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Fighting for Better Protection for WA Volunteer First Responders


Photo credit: Captain Colin Keys, Brunswick Junction VFRS

Post-Traumatic Stress Disorder Presumption Update From Executive Officer Tim Sonsee


Since publishing ‘Better Protection for WA Firefighters – Unless You Don’t Get Paid To Do The Job', the united volunteer emergency services associations reconvened, and a request was made to the Minister of Emergency Services, Hon Stephen Dawson MLC to meet in person to communicate the deep disappointment and concerns volunteers have regarding the Post-Traumatic Stress Disorder (PTSD) Presumption legislation. The letter requesting the meeting is available to read below:


Invitation to meet with Association Presidents 6 December 2023
.pdf
Download PDF • 174KB

We appreciated the prompt response from Hon Stephen Dawson MLC to our letter, and on 20 December 2023 State Emergency Services Volunteer Association of Western Australia President Greg Cook, Volunteer Bush Fire Brigades Western Australia Association President Lorraine Webster and myself met with Department of Fire and Emergency Services (DFES) Commissioner Darren Klemm AFSM, Minister for Emergency Services Hon Stephen Dawson MLC, and Mathew Dixon, the Senior Policy Advisor for Emergency Services, to obtain answers as to why volunteer first responders were excluded from the PTSD presumption legislation amendment.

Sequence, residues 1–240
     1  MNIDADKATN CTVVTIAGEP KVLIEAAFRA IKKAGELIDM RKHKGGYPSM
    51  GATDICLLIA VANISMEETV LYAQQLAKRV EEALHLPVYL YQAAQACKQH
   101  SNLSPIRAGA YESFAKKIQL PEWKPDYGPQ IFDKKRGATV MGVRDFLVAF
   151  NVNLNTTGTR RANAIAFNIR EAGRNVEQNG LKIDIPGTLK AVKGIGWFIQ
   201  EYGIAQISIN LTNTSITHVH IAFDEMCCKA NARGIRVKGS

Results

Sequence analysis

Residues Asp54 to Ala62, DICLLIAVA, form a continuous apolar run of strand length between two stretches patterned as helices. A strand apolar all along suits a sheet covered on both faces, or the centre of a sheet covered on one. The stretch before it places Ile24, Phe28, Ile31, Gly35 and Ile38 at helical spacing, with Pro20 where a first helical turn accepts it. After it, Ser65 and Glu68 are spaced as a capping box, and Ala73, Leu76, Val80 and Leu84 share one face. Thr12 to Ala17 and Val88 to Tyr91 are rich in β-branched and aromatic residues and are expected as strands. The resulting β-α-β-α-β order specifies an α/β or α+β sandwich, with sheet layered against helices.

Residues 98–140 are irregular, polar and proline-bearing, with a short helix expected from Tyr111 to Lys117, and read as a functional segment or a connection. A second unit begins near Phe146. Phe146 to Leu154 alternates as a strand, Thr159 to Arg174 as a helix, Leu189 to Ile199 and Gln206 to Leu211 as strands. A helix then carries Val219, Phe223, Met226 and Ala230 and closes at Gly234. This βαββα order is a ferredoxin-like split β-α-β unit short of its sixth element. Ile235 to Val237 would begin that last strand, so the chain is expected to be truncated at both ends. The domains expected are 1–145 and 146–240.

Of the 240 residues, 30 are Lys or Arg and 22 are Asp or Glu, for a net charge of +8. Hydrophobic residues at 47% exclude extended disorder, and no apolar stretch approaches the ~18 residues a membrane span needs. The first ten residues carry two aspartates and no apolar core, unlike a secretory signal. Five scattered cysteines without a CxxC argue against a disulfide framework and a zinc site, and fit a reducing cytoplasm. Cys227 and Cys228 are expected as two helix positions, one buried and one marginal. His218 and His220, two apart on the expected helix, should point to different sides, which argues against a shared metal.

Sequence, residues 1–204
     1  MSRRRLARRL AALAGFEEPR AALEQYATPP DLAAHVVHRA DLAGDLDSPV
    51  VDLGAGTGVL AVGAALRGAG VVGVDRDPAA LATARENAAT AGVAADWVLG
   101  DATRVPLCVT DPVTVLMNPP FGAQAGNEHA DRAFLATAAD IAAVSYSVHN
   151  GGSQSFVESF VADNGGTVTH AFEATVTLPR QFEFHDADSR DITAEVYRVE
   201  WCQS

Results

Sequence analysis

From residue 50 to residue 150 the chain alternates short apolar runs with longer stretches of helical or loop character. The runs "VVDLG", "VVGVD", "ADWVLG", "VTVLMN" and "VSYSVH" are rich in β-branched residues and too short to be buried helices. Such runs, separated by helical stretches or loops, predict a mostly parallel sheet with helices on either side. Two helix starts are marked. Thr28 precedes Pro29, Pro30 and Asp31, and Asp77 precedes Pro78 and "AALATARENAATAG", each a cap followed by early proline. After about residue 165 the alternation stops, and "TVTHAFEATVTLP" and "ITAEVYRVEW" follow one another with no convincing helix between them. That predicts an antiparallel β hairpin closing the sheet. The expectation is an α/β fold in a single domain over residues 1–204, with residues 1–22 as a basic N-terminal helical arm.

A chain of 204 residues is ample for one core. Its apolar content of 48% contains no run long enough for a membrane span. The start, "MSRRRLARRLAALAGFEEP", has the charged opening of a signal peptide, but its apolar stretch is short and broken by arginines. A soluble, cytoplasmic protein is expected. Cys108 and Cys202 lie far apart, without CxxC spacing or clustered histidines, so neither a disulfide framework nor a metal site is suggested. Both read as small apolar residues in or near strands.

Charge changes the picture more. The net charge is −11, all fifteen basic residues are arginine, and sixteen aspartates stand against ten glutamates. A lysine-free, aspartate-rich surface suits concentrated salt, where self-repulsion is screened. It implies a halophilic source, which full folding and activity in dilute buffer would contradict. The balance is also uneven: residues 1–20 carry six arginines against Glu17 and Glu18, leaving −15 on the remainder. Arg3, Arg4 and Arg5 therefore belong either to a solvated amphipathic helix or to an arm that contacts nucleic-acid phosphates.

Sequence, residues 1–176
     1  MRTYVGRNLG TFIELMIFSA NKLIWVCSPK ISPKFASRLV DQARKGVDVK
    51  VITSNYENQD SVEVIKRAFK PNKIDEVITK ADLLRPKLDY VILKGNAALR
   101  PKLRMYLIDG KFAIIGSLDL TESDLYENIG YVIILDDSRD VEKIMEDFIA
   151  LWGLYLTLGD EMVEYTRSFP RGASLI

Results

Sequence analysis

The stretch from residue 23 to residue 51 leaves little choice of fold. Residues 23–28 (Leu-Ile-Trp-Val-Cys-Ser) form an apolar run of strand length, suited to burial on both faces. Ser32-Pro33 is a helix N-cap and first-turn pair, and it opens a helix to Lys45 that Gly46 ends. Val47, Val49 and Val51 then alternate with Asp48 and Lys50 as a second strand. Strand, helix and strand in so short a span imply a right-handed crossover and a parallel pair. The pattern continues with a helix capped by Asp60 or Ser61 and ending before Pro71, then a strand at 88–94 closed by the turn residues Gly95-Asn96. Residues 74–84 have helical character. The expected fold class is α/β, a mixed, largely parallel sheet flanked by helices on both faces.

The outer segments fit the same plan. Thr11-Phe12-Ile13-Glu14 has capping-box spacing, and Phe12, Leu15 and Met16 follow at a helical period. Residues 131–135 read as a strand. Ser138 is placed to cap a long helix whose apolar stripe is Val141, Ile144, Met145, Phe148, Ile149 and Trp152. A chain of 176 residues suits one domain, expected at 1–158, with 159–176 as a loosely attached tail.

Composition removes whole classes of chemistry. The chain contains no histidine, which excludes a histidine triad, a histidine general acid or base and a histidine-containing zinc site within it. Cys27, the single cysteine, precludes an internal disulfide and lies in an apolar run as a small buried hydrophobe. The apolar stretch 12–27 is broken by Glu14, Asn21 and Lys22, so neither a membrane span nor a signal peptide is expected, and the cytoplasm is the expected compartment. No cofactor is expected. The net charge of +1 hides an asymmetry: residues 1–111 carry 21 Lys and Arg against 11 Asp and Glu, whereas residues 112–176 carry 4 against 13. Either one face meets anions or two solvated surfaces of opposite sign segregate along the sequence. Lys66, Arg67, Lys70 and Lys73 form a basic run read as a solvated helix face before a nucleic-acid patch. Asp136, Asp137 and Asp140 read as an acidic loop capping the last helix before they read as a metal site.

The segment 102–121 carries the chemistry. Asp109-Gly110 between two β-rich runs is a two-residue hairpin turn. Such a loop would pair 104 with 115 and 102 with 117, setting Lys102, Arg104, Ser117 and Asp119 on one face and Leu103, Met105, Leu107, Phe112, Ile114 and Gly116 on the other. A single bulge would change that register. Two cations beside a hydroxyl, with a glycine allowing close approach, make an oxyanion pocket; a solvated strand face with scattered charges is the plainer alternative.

Hon Stephen Dawson MLC listened to the Associations’ concerns. He explained that:

  • The Workers Compensation and Injury Management Act 1981 (WCIM Act) applies to employed workers only and does not apply to volunteers.

  • The PTSD presumption only covers firefighters who are covered by the worker's compensation scheme.

  • The amendment moved by a Member of the Legislative Council would have not addressed the area of concern that we have raised, as the application of the Act does not apply to volunteers.

  • This Act covers paid employees, not volunteers and therefore under scrutiny from lawyers and legal professionals would not stand in a court of law if contested.

  • The Workers Compensation and Injury Management Act 1981 was not the correct Act to place the PTSD presumption legislation for our volunteers.

  • The Labor Government would look to address issues of importance to the volunteer Associations during the release of the Emergency Services Act 2024.

  • He understands that PTSD presumption is at the top of the list of importance for our Associations.  

 

By no means is the campaign for change over

The following are all symptoms of PTSD and can hinder a person’s ability to properly source the appropriate treatment and then successfully navigate the often difficult and complicated Insurance and injury claim processes:

  • Difficulty in controlling emotions.

  • the ability to rationalise and to use logic

  • irrational fear

  • anxiety

  • reluctance to seek help and

  • impaired ability to connect with others.

 

The amount of courage and vulnerability shown by an individual to ask for and seek help in relation to PTSD cannot be understated.


The united volunteer emergency associations would like to see the Insurance Commission of Western Australia (ICWA) and the injury management process within DFES reviewed and updated.


The current policy with ICWA requires volunteers to complete incident reports, workers compensation paperwork, and volunteers are required to retell their traumatic experience/s. 


We believe that the Government has a duty of care to conduct a review to confirm that the ICWA policy and procedure is supportive of the individual seeking assistance, and that there is a presumption that all volunteer first responders diagnosed with PTSD occurred as the result of trauma faced whilst volunteering in emergency services.